“We were expecting it,” the Swedish activist lamented as she summed up the World Economic Forum.
For once, Greta Thunberg was not soft on world leaders. She said climate demands have simply been “completely ignored”. This is the clear assessment of the Davos Forum that the activist drew up on Friday 24 January. During the summit in Switzerland, the young Swede was particularly targeted by the US administration.
“We had some demands [when we arrived]. Of course, they were completely ignored. But we expected it,” the young Swede told the press, calling for an immediate end to the financing of fossil fuels.
Greta Thunberg, invited for the second consecutive year to the annual gathering of the political and economic elite, concluded her week by organizing her “climate strike” at the foot of the slopes. A demonstration that she launched, initially on her own, in Sweden every Friday before becoming the figurehead of a global youth mobilization.
Yet the World Economic Forum in Davos, meeting from Tuesday to Friday, was clearly dominated by climate concerns. Along the Promenade, the main street of Davos, which for a few days was transformed into a giant showcase for businesses and governments, slogans and posters of this or that multinational company in favour of a “green” or “sustainable” economy were omnipresent.
UN Secretary-General Antonio Guterres, for example, said that humanity was “lost” if efforts to reduce CO2 emissions were not stepped up.
Billions of trees
Announcements have been made, but they have not gone as far as climate activists are calling for.
Another figure of the climate mobilization present in Davos, the German Luisa Neubauer, who has just refused the seat offered by a subsidiary of the industrial giant Siemens on the supervisory board of its energy branch, hammered home the fact that fine speeches were not enough. “We never went on strike to change the rhetoric,” she said, but for “concrete climate action”.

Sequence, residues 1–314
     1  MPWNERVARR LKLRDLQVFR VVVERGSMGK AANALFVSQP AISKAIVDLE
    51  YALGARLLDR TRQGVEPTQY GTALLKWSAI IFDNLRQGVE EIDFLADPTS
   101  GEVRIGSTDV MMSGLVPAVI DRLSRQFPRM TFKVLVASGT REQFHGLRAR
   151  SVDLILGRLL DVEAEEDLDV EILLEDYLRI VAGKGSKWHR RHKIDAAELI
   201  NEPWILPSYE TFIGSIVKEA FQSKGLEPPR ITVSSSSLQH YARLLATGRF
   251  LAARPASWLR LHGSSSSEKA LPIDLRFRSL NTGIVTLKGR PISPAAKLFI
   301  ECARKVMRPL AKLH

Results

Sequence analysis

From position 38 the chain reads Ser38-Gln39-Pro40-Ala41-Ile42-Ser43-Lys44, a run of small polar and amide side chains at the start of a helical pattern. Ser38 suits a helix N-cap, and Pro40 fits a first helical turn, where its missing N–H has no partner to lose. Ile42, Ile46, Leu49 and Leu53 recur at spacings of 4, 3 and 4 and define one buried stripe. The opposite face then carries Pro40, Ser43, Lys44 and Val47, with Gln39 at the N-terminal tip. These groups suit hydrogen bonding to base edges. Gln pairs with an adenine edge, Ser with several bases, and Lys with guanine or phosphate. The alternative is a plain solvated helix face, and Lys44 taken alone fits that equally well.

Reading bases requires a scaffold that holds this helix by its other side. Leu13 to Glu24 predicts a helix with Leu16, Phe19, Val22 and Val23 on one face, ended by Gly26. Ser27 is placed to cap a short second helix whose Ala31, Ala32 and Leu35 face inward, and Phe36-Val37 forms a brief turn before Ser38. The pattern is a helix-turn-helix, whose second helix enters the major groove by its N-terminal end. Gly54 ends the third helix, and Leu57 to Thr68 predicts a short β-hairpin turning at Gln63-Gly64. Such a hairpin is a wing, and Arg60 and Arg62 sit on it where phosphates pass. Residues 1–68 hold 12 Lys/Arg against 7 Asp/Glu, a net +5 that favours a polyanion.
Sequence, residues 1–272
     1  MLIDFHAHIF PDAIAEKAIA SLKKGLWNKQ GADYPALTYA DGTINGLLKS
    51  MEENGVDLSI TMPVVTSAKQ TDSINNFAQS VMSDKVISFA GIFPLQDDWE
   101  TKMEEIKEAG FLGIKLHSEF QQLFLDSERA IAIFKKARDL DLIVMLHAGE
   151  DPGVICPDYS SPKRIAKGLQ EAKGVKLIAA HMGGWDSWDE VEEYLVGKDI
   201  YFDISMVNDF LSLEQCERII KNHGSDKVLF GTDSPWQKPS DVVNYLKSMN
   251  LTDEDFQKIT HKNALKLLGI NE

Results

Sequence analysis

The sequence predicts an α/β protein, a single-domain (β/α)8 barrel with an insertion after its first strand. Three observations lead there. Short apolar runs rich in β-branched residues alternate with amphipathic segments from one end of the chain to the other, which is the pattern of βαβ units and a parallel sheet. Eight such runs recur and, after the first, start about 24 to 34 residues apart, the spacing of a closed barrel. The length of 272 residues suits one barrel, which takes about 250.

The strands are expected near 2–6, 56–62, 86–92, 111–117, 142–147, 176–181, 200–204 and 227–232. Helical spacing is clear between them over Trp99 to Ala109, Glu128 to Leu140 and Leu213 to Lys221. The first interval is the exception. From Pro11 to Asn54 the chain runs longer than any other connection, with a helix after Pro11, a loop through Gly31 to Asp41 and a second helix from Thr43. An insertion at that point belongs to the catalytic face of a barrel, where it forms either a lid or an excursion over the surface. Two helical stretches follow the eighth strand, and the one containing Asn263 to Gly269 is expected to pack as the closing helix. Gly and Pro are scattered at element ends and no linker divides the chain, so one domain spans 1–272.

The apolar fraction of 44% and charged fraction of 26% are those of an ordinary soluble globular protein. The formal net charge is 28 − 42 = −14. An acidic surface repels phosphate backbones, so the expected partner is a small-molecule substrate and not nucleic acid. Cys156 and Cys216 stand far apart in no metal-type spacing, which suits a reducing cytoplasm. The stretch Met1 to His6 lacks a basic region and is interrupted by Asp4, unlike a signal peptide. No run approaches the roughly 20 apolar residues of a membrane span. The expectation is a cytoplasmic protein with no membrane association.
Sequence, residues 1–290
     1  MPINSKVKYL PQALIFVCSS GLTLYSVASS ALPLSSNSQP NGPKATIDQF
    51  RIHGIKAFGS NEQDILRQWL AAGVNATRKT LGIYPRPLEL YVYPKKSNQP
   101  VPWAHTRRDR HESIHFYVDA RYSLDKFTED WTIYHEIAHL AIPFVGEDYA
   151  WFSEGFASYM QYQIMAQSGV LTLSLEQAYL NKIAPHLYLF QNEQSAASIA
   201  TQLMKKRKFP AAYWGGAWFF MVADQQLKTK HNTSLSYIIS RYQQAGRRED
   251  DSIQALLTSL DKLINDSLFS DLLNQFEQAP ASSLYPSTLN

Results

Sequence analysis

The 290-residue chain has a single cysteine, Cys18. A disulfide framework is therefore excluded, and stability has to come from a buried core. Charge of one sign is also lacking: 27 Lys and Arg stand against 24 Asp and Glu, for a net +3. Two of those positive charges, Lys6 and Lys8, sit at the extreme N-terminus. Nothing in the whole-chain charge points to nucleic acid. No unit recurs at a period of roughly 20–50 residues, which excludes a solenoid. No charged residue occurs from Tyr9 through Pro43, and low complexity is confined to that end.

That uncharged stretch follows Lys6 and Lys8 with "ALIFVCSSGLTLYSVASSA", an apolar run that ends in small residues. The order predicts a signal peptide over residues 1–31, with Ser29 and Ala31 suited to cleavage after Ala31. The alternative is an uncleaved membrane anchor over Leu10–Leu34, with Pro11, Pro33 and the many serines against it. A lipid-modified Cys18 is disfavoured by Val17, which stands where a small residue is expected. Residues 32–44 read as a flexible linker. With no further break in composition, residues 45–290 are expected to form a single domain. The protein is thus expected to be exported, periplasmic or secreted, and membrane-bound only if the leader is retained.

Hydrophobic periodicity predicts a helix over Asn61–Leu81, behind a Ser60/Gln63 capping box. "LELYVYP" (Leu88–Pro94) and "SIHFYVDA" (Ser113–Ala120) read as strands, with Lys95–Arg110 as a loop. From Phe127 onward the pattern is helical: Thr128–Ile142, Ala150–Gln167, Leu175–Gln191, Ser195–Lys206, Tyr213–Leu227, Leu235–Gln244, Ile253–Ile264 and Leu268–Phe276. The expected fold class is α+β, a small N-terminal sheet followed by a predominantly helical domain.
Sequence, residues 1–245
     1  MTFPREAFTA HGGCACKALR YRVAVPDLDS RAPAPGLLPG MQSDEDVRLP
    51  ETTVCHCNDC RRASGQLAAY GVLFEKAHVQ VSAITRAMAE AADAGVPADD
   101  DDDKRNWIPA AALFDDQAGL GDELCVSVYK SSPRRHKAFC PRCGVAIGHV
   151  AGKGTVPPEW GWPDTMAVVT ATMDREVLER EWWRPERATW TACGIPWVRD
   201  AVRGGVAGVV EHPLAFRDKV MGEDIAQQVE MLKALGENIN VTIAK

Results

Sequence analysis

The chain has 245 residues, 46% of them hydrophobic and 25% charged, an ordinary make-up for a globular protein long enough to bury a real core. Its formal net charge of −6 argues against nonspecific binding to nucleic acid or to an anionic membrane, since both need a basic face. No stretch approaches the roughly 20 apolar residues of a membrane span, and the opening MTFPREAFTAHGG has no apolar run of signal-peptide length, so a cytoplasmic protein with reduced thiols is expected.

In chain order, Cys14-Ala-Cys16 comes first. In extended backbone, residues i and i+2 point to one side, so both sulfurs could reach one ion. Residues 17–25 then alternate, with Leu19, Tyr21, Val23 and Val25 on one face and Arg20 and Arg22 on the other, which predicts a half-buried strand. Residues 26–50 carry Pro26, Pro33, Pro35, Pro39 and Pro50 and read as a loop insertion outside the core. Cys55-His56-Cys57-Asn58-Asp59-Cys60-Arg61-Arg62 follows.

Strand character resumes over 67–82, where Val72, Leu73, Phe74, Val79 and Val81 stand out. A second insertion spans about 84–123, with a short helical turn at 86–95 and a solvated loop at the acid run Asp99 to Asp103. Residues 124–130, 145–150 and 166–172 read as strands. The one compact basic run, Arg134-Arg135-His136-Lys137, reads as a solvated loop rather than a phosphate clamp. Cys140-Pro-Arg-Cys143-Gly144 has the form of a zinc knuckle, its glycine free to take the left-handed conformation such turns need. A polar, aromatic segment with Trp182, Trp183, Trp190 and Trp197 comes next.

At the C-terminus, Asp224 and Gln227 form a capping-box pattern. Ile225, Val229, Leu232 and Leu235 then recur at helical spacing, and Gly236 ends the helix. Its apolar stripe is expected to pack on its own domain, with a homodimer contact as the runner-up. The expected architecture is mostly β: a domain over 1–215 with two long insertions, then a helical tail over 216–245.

The Forum’s organisers have launched a campaign to plant or save “1 trillion trees”, which capture CO2 but do not change the volume of emissions.
The American financial giant BlackRock had made its mark even before Davos by promising to liquidate the shares and bonds it holds in companies generating more than 25% of their income from thermal coal production.
U.S. government targeting
Contrasting with the general tone, the large American delegation, led by Donald Trump, openly contested the very existence of a climate emergency, targeting the young Swede as a target. The American president thus castigated the “prophets of doom and the predictions of climatic apocalypse” on Tuesday, in a speech attended by the activist.
Visibly unimpressed, Greta Thunberg, for her part, repeated her virulent warnings to the political and economic elite, hammering that it was time to “panic” because “the house is burning”, as she had already done last year in Davos. On Friday, she also retracted statements made against her by an American minister, assuring that they had “no effect” on her.
“This obviously has no effect. We are constantly criticised in this way. If we were careful, we would not be able to do what we are doing. We put ourselves in the spotlight. »
US Treasury Secretary Steven Mnuchin advised GretaThunberg on Thursday to “study economics and go to university”. “Who is she? A chief economist? “, the minister ironically asked.
The young Swede, who took a year off from school to focus on climate action, tweeted that “you don’t need a university degree” to determine that efforts to reduce CO2 emissions were insufficient, with graphics to back it up.
On Friday, Steven Mnuchin also said that “we should be talking about environmental issues, not climate change” and said that in his view it was “one of many problems”.